It’s a “Flashback” that begins with a capital “ni”, black on a white wall, echoing the artist’s very first urban intervention, at the end of the 1970s: posters in the form of anonymous resistance, instead of advertising space in Paris. Tania Mouraud’s games with the walls and the limits of language have never ceased, notably in the form of bas-reliefs, like the word “art” hung here, which is materialized by its empty spaces in black varnished wood. Another decade, another facet of his work: the immersion through photography in the nights of the Palace, at the beginning of the 1980s. Not to document them or to romanticize them, but to capture their onirism. Silver photos reworked today by digital printing to give an almost engraving grain to the festive rustles. Another vocabulary outside of writing: French military decorations to which the artist, daughter of a resistance fighter, had given volume in the 1990s, transforming the ribbons into minimalist sculptures in pop colors to revisit the field of awards and operations.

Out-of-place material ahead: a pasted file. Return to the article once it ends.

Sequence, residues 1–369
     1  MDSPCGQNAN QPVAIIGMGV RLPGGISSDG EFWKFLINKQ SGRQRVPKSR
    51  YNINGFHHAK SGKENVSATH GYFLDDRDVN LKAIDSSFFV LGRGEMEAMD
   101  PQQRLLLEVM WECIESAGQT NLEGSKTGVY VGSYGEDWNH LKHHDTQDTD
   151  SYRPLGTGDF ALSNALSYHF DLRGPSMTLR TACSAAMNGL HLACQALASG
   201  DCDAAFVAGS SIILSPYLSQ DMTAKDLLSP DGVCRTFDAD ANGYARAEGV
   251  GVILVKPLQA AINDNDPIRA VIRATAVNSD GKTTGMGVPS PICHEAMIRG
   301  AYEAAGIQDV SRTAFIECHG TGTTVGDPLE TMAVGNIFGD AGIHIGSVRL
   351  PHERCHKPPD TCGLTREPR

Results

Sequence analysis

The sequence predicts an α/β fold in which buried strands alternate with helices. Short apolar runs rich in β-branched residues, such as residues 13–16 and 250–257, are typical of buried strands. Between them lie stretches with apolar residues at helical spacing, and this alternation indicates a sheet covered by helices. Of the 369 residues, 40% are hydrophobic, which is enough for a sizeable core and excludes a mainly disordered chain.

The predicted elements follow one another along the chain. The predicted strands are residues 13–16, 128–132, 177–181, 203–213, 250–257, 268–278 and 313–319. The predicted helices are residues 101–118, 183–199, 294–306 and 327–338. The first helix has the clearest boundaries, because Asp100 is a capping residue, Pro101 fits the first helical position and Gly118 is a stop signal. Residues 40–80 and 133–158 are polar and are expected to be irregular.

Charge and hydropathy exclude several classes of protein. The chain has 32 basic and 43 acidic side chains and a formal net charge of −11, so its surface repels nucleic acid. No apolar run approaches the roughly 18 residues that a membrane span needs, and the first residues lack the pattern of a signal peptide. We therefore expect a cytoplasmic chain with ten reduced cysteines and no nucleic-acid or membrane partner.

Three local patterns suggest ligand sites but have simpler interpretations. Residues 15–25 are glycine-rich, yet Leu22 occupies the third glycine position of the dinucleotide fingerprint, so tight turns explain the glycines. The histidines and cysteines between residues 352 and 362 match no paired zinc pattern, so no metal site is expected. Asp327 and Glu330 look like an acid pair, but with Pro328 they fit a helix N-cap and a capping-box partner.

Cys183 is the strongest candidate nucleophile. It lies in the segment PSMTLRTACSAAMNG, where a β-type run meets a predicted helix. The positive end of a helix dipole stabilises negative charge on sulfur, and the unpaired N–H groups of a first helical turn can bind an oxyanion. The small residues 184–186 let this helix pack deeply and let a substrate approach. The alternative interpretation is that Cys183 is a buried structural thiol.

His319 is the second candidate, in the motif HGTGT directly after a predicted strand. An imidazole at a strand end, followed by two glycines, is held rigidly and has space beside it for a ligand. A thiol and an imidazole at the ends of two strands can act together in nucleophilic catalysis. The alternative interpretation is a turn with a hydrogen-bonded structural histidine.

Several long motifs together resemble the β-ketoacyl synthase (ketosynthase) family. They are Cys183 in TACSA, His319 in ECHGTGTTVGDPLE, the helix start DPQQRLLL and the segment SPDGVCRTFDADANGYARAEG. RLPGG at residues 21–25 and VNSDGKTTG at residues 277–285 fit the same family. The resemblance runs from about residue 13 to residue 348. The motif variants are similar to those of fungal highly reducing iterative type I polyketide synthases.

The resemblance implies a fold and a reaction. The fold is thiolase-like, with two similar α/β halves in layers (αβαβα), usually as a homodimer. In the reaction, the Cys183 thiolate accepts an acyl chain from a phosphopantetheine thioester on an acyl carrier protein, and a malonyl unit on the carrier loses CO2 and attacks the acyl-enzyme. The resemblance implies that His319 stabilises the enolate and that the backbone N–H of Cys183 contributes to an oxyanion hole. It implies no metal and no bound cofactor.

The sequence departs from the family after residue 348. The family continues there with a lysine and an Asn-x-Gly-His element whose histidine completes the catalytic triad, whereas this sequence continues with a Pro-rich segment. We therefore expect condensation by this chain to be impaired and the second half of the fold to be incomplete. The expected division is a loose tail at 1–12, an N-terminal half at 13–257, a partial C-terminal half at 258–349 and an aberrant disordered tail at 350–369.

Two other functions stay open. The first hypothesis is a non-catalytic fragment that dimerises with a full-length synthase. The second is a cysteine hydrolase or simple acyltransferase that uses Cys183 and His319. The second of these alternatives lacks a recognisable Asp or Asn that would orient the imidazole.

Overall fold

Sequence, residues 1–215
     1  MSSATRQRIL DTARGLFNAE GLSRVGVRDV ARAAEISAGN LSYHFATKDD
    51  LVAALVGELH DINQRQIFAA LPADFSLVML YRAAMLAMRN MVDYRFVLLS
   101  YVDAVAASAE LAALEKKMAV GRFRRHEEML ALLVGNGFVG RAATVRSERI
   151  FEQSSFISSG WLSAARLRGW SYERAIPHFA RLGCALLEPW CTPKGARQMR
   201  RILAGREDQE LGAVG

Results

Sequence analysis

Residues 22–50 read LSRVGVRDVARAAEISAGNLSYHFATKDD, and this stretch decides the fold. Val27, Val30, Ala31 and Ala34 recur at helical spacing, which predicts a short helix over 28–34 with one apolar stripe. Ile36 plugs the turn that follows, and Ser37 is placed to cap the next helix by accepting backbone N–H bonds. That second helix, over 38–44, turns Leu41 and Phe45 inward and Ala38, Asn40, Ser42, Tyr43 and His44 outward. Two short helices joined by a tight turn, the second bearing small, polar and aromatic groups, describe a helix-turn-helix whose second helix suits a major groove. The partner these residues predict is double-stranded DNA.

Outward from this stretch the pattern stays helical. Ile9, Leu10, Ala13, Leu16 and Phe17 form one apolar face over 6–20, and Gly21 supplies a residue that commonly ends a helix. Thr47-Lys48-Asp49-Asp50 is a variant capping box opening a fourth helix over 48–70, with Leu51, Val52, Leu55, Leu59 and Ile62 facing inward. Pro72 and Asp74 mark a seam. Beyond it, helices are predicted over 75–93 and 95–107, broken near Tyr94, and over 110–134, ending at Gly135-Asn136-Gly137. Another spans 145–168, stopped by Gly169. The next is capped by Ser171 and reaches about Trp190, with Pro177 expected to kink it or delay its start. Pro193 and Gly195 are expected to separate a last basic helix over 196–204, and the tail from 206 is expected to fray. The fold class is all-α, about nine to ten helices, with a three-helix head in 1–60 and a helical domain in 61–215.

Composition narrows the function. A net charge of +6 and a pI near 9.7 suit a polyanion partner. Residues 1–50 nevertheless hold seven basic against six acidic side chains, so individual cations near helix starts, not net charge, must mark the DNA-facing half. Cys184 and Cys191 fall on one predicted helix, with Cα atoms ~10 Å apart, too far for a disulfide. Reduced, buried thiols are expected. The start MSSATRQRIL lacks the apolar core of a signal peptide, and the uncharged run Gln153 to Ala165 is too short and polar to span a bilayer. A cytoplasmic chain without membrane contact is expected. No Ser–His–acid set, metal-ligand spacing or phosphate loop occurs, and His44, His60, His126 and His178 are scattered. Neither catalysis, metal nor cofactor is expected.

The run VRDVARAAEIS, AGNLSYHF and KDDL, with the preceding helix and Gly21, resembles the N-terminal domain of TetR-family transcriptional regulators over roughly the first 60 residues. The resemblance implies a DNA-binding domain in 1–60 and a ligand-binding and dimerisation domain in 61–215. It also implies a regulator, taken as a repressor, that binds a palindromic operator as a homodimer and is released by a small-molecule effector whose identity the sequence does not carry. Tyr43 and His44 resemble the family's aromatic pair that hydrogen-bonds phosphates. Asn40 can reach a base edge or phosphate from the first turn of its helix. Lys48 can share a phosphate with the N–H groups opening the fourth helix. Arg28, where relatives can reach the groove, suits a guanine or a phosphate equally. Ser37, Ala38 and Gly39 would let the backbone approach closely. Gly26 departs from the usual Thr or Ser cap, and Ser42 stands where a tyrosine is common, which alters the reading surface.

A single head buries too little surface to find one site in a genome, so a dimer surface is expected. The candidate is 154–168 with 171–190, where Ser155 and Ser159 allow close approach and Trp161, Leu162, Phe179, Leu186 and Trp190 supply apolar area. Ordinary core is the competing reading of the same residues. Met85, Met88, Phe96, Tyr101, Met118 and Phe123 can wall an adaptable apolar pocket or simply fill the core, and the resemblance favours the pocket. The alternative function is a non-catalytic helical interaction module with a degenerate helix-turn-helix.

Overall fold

“Flashback” by Tania Mouraud. Ceysson & Bénétière Gallery, 23, rue du Renard, Paris 4e. Until December 3. Tuesday to Saturday, 11 a.m. to 7 p.m. Ceyssonbenetiere.com